Sunday, October 6, 2013

Mountain Paradise

Last week as I was driving a certain memory came to mind. I thought of a place we almost lived. A place that was almost home. Our almost paradise.

No, it wasn't Belize. It was up in the mountains. The mountains of South Carolina.

Imagine a beautiful log cabin built out of ceder. Our feet knocked on strong ceder trunks, hewn down out of the mountain to make a home. Almost our home. Wooden floors, wooden walls, all hand made in my young mind at the time, by a man and his family back in the pioneer days; although now I see it wasn't quite that old. Dad showed me the ladder that came down out of the ceiling. He climbed up to opened the trap door then let me in. Gingerly I climbed the steep steps and popped into a room as large as the entire cabin below. Dad told me how he would build a wall and make a bedroom for the boys and a bedroom for the girls. The room was just like out of a story. It was dusty, you could see the particles wafting through the air when they floated into the sunbeam that lit up the room. You could smell the scent of wood. A sturdy deck came out from the dining room and over looked the river that flowed swiftly by. I remember looking at the water fall and soaking up the beauty. It was exhilarating. Also I squealed to Daddy about where I could put my play kitchen.


To get to the two story cabin we had to cross a bridge, also made out of ceder. The wooden bridge double as a road wide enough for vehicles and an entire extra house. We were going to make it into our school room. Trees swallowed the small clearing for these two wonderful homes. I could see little birds flying over head but I couldn't hear them. I was standing on the bridge leaning over the railing gazing below as the water rushed over the boulder. The swish, and pounding filled my ears and I couldn't hear anything else. Endlessly the water rushed on. White, and noisy, and happy, and perfect.

We got to explore the land that went with the house. There was a pond, already stocked with fish. A stream fed into the river. There was a place up river before the water fall that was slick enough to slide on. It was a huge red boulder and it sloped gently down hill. We four children had so much fun sliding on the rock getting all wet. We couldn't wait until we lived there and we could do that every day all summer.

The place was truly a mountain paradise. We breathed in the sweet clean mountain air; listened to the birds; watched the little water creatures dance in the stream. We even saw fish jumping in the river! I could easily imagine a grizzly bear standing on one of the rocks pawing the fish out of the air.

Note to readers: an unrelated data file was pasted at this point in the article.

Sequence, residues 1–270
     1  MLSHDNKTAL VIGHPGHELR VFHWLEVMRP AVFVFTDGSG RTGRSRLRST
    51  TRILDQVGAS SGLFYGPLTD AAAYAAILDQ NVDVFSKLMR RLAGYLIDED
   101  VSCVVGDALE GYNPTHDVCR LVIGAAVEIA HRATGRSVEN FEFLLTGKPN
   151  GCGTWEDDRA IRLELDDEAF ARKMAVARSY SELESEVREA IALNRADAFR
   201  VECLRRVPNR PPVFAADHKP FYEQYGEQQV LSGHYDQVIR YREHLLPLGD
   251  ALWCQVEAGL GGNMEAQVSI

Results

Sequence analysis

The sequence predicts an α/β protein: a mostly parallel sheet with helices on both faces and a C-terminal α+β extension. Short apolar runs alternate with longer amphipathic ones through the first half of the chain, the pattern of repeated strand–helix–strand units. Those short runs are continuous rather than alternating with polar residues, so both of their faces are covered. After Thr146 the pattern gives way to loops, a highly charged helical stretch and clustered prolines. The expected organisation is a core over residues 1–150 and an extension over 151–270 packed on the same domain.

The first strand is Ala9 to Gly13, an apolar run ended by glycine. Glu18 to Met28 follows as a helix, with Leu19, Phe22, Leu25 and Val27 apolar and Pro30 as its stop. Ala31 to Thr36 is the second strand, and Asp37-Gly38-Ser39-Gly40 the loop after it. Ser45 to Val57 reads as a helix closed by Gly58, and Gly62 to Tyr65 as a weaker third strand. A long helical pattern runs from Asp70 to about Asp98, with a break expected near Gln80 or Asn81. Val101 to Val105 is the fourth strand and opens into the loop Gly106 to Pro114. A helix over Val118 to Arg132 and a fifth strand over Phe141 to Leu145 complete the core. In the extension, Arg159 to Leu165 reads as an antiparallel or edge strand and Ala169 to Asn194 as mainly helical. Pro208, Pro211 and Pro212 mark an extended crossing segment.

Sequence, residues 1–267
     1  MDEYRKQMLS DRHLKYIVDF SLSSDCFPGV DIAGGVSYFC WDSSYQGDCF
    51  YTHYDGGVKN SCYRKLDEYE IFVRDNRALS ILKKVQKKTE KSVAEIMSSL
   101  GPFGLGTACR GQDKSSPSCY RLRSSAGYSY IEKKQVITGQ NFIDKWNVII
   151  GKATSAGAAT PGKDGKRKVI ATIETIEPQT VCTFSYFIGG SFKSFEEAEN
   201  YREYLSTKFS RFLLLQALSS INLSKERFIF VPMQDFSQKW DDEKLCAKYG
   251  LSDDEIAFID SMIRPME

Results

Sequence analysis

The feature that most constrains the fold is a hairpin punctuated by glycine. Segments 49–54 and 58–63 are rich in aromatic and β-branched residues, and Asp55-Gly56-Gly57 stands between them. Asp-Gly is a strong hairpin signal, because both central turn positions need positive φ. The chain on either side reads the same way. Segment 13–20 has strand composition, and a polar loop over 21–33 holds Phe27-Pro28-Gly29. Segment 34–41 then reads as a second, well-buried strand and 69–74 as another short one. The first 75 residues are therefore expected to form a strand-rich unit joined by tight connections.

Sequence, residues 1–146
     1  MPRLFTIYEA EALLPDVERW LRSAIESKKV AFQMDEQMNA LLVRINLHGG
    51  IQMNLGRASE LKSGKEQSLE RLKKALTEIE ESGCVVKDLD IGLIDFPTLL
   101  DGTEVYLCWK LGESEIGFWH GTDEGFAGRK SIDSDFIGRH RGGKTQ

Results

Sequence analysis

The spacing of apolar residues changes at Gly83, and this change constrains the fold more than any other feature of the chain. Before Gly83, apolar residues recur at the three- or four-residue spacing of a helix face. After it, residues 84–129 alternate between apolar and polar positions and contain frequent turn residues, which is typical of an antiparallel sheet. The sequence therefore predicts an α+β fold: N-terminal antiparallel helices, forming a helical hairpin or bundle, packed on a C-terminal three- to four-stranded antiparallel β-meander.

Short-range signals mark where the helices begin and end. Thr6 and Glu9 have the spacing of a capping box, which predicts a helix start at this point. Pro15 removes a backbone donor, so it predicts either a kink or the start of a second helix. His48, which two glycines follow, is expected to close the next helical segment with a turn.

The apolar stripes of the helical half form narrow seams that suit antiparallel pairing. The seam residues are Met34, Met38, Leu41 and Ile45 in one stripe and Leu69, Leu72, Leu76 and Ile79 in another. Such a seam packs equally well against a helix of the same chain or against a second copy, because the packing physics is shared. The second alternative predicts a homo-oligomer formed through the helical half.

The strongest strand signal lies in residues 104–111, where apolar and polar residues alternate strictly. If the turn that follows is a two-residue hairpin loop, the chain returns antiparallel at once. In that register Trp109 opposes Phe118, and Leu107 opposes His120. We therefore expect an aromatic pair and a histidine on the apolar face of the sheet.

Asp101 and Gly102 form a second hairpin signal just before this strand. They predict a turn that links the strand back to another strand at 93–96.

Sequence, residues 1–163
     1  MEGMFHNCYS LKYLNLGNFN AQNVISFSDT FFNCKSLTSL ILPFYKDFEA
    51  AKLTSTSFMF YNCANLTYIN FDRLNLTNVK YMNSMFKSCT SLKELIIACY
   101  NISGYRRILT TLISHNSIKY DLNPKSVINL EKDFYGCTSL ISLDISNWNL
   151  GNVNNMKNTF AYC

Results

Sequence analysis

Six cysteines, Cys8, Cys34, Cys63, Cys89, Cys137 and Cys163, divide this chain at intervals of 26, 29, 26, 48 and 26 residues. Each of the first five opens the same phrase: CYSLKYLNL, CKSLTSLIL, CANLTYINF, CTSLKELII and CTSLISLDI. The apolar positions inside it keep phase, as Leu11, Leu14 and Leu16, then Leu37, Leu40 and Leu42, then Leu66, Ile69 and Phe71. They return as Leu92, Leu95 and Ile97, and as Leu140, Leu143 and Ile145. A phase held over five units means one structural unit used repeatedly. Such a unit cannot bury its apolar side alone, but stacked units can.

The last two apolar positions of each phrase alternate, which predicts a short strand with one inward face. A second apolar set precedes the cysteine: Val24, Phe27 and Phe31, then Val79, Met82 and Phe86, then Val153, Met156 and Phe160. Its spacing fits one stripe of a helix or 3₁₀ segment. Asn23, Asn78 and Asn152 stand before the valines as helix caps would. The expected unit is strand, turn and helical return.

As we drove home that evening I kept thinking about that beautiful place and I felt awe. I couldn't describe it at the time, it was a new and strange feeling for my young self. It made me think of God. I told myself as I watched the orange clay road streaming past the window that we must have almost been to the Garden of Eden.

The feeling of awe however was mixed with dread because I could hear my parents talking about the one flaw the place had. Power lines, big fat, ugly, wires stretched directly over the cabin and bridge. Mom was worried about the long term effect those lines would have on our health. I knew instantly even though they raved over everything else, that we would never live there. Those dreadful power lines!

Our search for the perfect home continued. Life went on, we never did by land. We moved to Missouri. I asked myself if I would ever see my beloved South again. Despite my excitement I was quite chagrined that we were moving "up north". We lived with family during the summer; rented a house for a year; finally settled on our forty acres where, if you have been a faithful follower to my blog you would know, my journaling began. We lived there five years and I thought it was the perfect home. I didn't think it was paradise but I loved the place.

Somehow in a series of labyrinthine yet providential episodes we found ourselves in Florida. Back in the south again, albeit a slightly homogenized south. I suppose I am homogenized myself. The quietness of being here; living a mundane life with no dark rumbling storm cloud on the horizon, kinda leaves me feeling queasy. The more normal my life is the more I find myself thinking back and remembering everything that has happened. The more I can look and see and trace God's hand and leading us thus far in our journey. That mountain paradise was something that lead us to search for a home in the country. Searching for a home in the country, among other things, is what lead us to Missouri. God has been very particular in what He has brought me in my life. I find it my duty and joy to search and try and see why He has done it, and to be thankful for it.

1 comment:

  1. Ahh . . . the peace after the storm . . . so glad He's brought you through! :)

    ReplyDelete

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